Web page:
For a few years I’ve had a home-made digital photo frame on the wall in the breakfast room, composed of an 24-inch monitor and a Western Digital media player. I described it in an article I wrote back in 2012 but forgot to blog about.
Recently, as I’ve done a few times already, I uploaded a bunch of vacation photos to SmugMug, and then put the identical photos on a USB stick for the photo frame. Why am I doing this? I asked myself. It would be great if the photo frame just ran off of SmugMug.
But, neither the Western Digital media player nor Apple TV had a browser. That’s what I really wanted. All those media-player features (e.g., Netflix, YouTube) were irrelevant. I had a spare Intel NUC running Linux, but the NUC is too much for photo frame, and I liked having the Linux computer around. I tried a Raspberry Pi, but it was was under-powered.
Then I discovered a Chromebit, essentially ChromeOS on a dongle. That is, a Chromebook without the keyboard, touchpad, or screen. A Chromebox, but much smaller and cheaper ($83 or so).
Perfect! It tucks behind the TV even better that the media player did, and, as it runs ChromeOS, I’m totally familiar with it. I just browsed to SmugMug, started a slideshow, and I was in business. (The photo shows it un-tucked.)
I didn’t want a browser logged into my Google account in such a public place, so I created a new Google account just for the slideshows.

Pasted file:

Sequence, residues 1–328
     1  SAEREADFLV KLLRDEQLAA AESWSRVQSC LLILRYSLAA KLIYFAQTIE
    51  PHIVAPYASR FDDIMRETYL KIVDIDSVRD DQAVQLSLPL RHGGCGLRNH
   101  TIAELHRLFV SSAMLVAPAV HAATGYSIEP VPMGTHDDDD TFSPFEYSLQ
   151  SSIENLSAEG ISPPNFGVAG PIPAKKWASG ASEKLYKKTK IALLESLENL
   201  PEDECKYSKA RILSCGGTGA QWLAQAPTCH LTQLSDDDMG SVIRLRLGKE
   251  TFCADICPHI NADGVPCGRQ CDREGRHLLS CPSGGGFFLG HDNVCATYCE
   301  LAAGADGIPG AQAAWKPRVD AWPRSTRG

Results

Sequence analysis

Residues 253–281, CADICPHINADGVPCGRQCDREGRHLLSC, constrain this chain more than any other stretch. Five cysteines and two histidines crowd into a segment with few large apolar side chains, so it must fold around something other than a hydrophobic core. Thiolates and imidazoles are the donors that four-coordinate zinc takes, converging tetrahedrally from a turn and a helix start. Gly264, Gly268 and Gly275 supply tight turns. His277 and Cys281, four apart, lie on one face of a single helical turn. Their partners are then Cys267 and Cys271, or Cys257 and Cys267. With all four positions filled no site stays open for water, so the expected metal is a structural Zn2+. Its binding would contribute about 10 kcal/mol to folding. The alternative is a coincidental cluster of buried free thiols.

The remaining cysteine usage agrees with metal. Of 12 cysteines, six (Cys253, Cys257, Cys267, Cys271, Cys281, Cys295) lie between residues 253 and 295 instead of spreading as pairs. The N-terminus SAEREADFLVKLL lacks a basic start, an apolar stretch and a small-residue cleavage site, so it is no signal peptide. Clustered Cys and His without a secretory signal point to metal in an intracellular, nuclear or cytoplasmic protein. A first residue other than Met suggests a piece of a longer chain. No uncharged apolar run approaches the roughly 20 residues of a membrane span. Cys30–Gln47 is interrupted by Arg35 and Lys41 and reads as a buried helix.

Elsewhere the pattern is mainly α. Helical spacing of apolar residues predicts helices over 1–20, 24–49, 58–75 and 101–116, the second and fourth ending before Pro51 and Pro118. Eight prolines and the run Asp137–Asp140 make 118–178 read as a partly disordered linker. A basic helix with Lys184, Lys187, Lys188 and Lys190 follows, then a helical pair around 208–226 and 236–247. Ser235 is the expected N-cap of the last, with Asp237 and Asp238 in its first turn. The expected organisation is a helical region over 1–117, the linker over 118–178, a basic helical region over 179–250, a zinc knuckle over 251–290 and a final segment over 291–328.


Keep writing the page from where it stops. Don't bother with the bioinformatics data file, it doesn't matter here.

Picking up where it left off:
The Chromebit worked OK, but not as well as I would have liked. It seemed that the images didn’t always fill the screen, I couldn’t vary the time as much as I wanted, and I didn’t want all that web traffic, as the photo frame runs all the time. (The browser caches images, but I’m not sure to what extent. Some of my slideshows have over a thousand images.)
So, I took a Chrome App I already had, SmugMugBrowser (in the Chrome Web Store), and added a slideshow feature. As a bonus, it’s much easier to navigate to the show you want than it is on the SmugMug site. It caches the whole show, so the only internet traffic is for the first trip through the slides.
Now all my SmugMug galleries are instantly available to show, not just the few I had on the USB stick. From time-to-time the media player seemed to corrupt sticks, and that’s gone, too.
With a monitor and a Chromebit, you’re not limited to SmugMug, of course. If you have some other site that provides slideshows, you can go there just as well.